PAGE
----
According to Knight Frank, rental value growth in affluent London postcodes is still firmly in the double digits as long as demand outpaces supply.
In contrast to a drop in new listings of approximately a third in October, the number of new prospective tenants was 60% higher than the five-year average (excluding 2020).
This disparity led to average rent increases of 17.8% in affluent central London (PCL) and 15.4% in affluent outer London (POL) in the year leading up to October.
Since the second quarter of 2021, when landlords sold properties to capitalise on the robust sales market, and more properties transitioned to the short-let market as Covid rules were loosened, the market has been experiencing a supply deficit.
However, there are early indications that the supply of rental stock is growing, a trend that is now limited to higher-value properties, as the outlook for the sales market becomes more dubious. These are frequently sellers with greater discretion who can ride out times of economic unpredictability by renting out their house.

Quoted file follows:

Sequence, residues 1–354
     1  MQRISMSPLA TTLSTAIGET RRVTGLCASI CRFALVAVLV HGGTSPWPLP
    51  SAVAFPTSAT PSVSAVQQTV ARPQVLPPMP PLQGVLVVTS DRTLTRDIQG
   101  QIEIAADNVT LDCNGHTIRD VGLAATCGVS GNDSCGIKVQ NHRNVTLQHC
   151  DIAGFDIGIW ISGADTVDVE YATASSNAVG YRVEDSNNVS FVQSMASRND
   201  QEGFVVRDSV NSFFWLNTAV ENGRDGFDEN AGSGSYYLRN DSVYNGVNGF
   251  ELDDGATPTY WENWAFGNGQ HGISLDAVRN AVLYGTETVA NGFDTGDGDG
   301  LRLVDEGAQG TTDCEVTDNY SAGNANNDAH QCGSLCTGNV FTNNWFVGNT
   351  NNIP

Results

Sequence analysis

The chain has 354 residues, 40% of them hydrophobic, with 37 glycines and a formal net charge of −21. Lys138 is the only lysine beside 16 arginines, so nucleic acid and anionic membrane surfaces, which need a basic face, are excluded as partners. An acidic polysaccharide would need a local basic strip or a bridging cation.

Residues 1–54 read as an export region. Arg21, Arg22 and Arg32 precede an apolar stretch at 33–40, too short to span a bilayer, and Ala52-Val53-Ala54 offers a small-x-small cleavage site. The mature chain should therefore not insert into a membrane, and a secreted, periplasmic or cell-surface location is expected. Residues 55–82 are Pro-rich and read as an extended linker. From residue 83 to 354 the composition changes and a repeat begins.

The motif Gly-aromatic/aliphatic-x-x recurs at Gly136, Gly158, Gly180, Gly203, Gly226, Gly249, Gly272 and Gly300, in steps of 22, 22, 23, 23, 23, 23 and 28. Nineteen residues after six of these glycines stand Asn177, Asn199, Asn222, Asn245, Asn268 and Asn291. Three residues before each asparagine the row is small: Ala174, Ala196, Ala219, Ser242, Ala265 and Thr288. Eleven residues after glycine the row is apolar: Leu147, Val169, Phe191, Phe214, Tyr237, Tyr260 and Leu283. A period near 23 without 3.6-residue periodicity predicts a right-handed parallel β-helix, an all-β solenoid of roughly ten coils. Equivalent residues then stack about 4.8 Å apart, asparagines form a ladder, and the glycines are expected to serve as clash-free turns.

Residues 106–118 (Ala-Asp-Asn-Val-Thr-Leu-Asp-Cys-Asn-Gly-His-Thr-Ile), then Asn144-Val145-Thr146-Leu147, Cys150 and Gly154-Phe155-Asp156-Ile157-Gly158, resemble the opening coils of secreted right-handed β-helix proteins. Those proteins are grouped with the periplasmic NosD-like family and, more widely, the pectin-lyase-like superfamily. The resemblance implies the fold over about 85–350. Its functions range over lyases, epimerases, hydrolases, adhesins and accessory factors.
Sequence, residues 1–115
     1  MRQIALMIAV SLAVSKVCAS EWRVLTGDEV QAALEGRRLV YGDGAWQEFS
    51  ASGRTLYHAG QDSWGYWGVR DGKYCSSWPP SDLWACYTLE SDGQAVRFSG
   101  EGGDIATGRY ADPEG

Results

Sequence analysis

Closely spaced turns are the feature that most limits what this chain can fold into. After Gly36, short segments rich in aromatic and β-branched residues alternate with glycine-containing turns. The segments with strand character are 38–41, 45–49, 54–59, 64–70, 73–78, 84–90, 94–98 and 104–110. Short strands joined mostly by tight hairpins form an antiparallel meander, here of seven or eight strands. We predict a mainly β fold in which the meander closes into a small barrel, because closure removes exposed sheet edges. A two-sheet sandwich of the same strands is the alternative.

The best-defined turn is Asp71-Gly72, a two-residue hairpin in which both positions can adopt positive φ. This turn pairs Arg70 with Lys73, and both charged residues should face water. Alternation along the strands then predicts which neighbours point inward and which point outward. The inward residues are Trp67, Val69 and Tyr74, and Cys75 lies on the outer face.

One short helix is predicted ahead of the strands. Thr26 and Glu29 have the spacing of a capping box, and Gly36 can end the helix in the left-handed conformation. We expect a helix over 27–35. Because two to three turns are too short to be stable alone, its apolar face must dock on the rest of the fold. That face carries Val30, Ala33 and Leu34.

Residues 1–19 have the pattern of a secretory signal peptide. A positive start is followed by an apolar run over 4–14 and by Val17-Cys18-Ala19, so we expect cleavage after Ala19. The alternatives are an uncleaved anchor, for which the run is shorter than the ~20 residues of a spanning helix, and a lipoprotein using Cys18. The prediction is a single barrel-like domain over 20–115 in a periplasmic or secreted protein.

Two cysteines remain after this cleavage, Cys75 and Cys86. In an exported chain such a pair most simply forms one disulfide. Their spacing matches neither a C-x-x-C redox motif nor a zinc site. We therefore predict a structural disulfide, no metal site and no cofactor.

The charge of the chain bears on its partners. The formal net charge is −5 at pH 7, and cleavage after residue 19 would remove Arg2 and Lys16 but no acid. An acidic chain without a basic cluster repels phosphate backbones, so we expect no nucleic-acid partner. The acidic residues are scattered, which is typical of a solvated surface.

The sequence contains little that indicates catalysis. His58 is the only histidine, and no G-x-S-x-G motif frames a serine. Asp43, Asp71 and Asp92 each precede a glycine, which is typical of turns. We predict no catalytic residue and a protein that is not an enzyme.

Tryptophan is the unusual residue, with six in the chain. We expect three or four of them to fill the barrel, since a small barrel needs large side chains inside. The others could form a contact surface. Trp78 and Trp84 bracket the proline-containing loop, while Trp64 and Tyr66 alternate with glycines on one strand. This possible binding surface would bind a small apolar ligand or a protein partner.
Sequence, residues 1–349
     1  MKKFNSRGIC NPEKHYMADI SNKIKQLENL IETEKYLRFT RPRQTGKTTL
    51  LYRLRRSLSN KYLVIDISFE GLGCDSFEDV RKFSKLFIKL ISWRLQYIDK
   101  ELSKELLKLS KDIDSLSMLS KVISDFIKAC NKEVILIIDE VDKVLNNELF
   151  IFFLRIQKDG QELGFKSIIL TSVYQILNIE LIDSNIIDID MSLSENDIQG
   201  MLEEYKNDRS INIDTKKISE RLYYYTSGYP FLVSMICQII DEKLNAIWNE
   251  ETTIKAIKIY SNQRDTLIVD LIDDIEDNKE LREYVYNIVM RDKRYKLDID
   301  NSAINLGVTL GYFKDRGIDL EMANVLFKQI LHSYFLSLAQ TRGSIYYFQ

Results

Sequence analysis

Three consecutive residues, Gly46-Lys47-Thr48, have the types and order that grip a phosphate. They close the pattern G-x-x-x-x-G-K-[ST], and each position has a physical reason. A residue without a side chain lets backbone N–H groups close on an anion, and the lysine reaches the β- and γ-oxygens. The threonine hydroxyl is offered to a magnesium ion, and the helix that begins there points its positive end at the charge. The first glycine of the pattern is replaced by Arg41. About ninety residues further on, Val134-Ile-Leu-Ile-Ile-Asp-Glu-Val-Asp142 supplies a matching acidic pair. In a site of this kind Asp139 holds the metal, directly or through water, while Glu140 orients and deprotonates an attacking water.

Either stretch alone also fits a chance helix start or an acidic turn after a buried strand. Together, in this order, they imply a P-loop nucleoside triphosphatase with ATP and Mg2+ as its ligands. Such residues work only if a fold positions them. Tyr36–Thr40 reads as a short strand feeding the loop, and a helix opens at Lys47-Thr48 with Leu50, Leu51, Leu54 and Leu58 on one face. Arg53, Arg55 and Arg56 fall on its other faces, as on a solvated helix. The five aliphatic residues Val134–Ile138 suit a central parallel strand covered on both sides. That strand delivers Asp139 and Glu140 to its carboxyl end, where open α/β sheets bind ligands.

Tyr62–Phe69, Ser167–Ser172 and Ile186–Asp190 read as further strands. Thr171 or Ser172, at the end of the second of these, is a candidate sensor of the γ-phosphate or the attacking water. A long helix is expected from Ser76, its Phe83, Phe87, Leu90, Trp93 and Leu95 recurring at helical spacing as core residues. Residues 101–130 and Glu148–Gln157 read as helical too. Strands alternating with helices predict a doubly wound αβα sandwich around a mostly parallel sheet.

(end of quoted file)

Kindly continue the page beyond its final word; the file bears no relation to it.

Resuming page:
Market valuation appraisals are a reliable source of supply information, and for houses worth between £1000 and £5000 per week, the number was 17% higher in October than it was in January. The number of houses priced under £1,000 decreased by 24%.
“My sense is that we are approaching the end of the period where supply and demand are completely out of step,” said David Mumby, head of prime central London lettings at Knight Frank.
“It’s not in every location yet, or in all price ranges, but there are more properties coming across from the sales market and in certain arears some asking rents are starting to soften, which we haven’t seen for many months.
“We are carrying out more appraisals together with our sales teams as owners explore all options. The moderate growth of 6% forecast next year looks more appropriate than the double digit rises seen over the last 18 months.”
In Prime Central London, the average gross yield increased to 3.72% in October, the highest level since June 2011. In Prime Outer London, the average increased to 3.74%, which was the highest level.